Jose Oliva, networks director for the Restaurant Opportunities Centers United, said so-called "worker centers" like his group were a "new form of unionism" that would replace craft and industrial unions. He made the comments in an interview with the public radio program Global Nation late last month.
Worker centers are nonprofit groups that act as an alternate form of labor organizing. The most prominent of these are backed by traditional Big Labor groups. ROC United's board, for example, includes Paul Schwalb, deputy director of food services for the union UNITE HERE.
Oliva explained the differences and similarities between the two groups and why Big Labor is turning to this model (All emphasis added):
Global Nation: The story you tell new ROC members about [former United Farm Workers leader Cesar] Chavez asking for dues is striking. Has that model of paying for representation endured?
Oliva: That's the puzzle we need to solve in the workers center movement. We're not unions — there's a different legal infrastructure. A union can collect dues from their members' paychecks, but a workers center can't do that. You don't have a steady flow of income, which means most of our money comes from private foundations that can be cancelled at any moment. It is a completely precarious existence for worker centers.
Global Nation: What are the differences between worker centers and unions?
Oliva: There's a huge growth of worker centers, and a sharp decline of unions since Chavez. It's caused by the same phenomena: the global economy, the growth of the informal sector, immigrants, people of color and women in the workforce, the decline of manufacturing. My theory is that workers centers are just third-wave unions. We had craft unions, then industrial unions in the Industrial Revolution, and now we have a new economy. That new economy has given rise to a new form of unionism that we right now call worker centers.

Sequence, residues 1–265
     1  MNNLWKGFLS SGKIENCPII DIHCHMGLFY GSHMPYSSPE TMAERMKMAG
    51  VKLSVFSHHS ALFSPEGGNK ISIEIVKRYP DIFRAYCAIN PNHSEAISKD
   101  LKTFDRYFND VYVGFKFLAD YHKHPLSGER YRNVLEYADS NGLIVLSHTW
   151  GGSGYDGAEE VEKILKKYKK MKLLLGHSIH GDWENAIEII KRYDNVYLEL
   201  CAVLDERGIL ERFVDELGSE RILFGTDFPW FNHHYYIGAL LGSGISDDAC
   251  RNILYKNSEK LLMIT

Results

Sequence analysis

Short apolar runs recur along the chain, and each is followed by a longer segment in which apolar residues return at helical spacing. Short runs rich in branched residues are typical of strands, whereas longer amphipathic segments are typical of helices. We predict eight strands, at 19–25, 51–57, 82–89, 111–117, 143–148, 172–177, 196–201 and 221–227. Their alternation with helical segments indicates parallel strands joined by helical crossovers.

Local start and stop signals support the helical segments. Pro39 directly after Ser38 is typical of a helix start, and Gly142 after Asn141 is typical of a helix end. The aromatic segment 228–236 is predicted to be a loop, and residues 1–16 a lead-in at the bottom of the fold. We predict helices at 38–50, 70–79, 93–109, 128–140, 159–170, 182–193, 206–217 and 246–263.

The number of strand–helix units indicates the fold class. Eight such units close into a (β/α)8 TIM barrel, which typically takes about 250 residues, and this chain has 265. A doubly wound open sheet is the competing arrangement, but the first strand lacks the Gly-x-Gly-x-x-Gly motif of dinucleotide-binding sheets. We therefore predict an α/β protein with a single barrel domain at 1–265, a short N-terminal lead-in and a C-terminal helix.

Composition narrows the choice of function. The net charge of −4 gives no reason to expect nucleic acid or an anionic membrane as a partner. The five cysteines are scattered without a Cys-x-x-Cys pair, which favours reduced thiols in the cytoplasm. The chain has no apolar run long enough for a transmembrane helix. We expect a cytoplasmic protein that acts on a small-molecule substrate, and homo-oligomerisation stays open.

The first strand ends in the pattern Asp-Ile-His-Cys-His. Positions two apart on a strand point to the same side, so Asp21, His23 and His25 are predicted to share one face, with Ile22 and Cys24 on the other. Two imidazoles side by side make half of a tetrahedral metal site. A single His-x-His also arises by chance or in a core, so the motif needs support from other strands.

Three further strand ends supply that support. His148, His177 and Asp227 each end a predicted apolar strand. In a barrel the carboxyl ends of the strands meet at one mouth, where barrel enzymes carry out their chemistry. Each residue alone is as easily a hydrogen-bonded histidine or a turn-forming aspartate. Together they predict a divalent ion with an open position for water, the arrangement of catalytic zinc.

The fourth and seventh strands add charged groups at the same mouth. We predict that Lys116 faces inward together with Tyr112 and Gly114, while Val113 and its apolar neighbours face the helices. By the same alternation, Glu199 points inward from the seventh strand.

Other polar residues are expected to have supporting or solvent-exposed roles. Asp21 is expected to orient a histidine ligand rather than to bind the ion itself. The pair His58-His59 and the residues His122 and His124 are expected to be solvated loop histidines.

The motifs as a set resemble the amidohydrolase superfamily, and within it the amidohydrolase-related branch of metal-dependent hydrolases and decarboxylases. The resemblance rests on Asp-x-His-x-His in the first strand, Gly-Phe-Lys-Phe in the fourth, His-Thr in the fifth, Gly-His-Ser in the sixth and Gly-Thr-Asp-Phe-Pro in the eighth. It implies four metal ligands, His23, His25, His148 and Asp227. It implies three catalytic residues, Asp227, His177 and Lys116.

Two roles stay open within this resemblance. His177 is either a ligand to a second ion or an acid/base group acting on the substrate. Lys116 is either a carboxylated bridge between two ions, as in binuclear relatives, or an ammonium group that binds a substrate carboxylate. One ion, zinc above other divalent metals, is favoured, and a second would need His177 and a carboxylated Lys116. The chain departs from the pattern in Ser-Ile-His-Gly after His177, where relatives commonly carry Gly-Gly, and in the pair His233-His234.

Global Nation: Worker centers don't have the legal right to collect dues from paychecks, but doesn't that mean they also aren't constrained by labor laws?
Oliva: The reason worker centers emerged is because unions were unable to organize workers in some of the growing sectors of the economy. The advantages to workers centers include not being constrained by the National Labor Relations Act, which has become something that is beneficial to employers. It doesn't advantage workers at all. A report by the US Chamber of Commerce charges that worker centers are unions in disguise. I don't believe that, but I do understand why workers would choose to organize themselves differently. Worker centers are not business unions. They're not contract negotiation entities.